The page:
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3. Don’t Let Anyone Define Who You Are

It’s very easy to get caught up in relationships with friends, family, and partners during our twenties that end up making us dependent on others for happiness. Do your best not to let this happen. Having a strong sense of self is important for helping you not feel lost in life, and if something was to ever happen to one of these relationships, you’d be stronger for always being yourself. Don’t let others define who you are and what you want to do with your life. Be yourself and always remain true to you—no matter what.

4. Be Smart With Your Finances

This step is often hard for many people in their twenties when jobs can go up and down and debt often starts to pile up. No matter how little money you make, be smart with it. Remember that you don’t need to have the newest of everything, and minimalism is highly underrated. Being smart with your finances will give you an internal confidence and also help you be in a better condition if something unexpected happens in your future. If you don’t make enough money or are already having financial problems, try to find a side job or evaluate your spending right now to see how you can improve things. Look into free budgeting tools online and through mobile apps that can help you with this.

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5. Reach Out to Others

It might also be helpful for you to reach out to others who are older than you and let them act as mentors during this time of confusion and loss. Not many people had their entire lives figured out at 25, so take advice from a variety of people and think about their experiences. This doesn’t mean you have to take all of their advice or repeat their choices, but insight from others can create new perspectives and possibly even new ideas that may lead you towards a better path.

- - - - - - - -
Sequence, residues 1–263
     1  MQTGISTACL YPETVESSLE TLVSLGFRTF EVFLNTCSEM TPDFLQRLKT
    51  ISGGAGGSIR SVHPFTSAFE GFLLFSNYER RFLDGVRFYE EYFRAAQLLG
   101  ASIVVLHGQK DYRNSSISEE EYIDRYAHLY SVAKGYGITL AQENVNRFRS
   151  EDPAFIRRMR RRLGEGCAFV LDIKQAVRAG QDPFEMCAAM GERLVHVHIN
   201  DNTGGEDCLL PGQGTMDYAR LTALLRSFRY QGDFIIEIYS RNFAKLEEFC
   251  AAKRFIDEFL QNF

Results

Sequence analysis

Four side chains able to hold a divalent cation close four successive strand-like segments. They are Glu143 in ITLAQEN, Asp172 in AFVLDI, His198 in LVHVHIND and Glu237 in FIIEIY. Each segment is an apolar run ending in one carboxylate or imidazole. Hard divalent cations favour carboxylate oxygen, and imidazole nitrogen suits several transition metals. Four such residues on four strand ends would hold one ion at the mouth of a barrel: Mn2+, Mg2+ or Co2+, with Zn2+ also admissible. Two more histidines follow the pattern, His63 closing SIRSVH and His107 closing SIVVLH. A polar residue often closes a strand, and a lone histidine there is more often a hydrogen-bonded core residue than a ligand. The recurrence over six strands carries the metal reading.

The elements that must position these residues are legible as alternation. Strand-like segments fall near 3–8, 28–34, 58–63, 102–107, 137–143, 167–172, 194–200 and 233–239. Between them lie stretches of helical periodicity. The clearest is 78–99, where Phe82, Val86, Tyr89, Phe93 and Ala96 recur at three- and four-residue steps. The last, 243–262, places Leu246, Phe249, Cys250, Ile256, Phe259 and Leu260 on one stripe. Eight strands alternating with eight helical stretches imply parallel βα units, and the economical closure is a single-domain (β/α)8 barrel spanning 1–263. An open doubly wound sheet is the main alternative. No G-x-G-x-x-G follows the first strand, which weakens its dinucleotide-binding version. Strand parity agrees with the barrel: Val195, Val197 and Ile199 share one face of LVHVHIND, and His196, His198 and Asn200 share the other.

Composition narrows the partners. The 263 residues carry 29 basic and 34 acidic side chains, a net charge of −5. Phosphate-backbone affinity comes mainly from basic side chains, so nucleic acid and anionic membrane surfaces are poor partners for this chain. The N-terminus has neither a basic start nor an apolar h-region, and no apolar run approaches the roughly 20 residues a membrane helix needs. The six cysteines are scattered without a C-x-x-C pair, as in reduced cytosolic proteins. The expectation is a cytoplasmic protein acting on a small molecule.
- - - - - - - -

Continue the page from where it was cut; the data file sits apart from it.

Remember that no one gets an award at age 30 for having a perfect life, so if you’re in your mid-twenties and sweating things, don’t worry: it’s alright to feel lost at 25 or any other age. For more inspiration that may help you get through your twenties a bit easier, consider trying these 20 Things Highly Successful People Do in Their Twenties.

Featured photo credit: Unsplash via images.unsplash.com

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Last Updated on December 2, 2018

7 Public Speaking Techniques To Help Connect With Your Audience

7 Public Speaking Techniques To Help Connect With Your Audience

When giving a presentation or speech, you have to engage your audience effectively in order to truly get your point across. Unlike a written editorial or newsletter, your speech is fleeting; once you’ve said everything you set out to say, you don’t get a second chance to have your voice heard in that specific arena.

You need to make sure your audience hangs on to every word you say, from your introduction to your wrap-up. You can do so by:

1. Connecting them with each other

Picture your typical rock concert. What’s the first thing the singer says to the crowd after jumping out on stage? “Hello (insert city name here)!” Just acknowledging that he’s coherent enough to know where he is is enough for the audience to go wild and get into the show.

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It makes each individual feel as if they’re a part of something bigger. The same goes for any public speaking event. When an audience hears, “You’re all here because you care deeply about wildlife preservation,” it gives them a sense that they’re not just there to listen, but they’re there to connect with the like-minded people all around them.